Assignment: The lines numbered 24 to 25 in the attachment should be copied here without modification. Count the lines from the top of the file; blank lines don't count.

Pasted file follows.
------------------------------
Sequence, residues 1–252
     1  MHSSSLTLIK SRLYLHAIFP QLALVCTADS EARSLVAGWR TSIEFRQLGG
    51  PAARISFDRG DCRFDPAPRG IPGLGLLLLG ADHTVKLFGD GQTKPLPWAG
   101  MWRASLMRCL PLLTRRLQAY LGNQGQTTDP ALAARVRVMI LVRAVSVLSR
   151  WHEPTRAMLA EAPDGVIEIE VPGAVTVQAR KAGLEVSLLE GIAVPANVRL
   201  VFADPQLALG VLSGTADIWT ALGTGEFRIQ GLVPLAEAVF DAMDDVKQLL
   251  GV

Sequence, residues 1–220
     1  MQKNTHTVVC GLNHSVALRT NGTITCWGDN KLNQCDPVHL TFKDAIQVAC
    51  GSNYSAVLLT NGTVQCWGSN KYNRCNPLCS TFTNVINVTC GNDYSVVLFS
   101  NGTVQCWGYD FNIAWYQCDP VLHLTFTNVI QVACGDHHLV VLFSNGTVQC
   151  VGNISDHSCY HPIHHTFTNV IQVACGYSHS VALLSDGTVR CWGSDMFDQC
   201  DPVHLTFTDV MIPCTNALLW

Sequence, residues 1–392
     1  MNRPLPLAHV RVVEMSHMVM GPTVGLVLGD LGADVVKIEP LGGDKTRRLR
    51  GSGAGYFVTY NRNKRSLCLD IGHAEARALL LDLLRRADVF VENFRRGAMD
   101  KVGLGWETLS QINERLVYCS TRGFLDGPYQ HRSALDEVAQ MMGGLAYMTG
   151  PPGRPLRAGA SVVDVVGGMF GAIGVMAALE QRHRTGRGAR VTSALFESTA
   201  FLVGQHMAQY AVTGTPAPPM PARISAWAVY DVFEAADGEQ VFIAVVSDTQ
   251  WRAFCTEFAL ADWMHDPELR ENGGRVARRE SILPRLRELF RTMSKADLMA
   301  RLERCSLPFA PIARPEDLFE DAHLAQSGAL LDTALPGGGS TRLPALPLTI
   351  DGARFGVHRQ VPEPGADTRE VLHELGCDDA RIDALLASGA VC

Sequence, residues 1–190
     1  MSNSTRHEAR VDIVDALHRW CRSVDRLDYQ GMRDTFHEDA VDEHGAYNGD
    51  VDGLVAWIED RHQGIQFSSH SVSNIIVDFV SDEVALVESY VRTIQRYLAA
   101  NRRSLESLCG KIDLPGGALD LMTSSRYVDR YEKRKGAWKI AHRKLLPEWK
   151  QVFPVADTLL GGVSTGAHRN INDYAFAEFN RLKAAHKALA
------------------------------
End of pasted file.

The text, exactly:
     1  MSNSTRHEAR VDIVDALHRW CRSVDRLDYQ GMRDTFHEDA VDEHGAYNGD
    51  VDGLVAWIED RHQGIQFSSH SVSNIIVDFV SDEVALVESY VRTIQRYLAA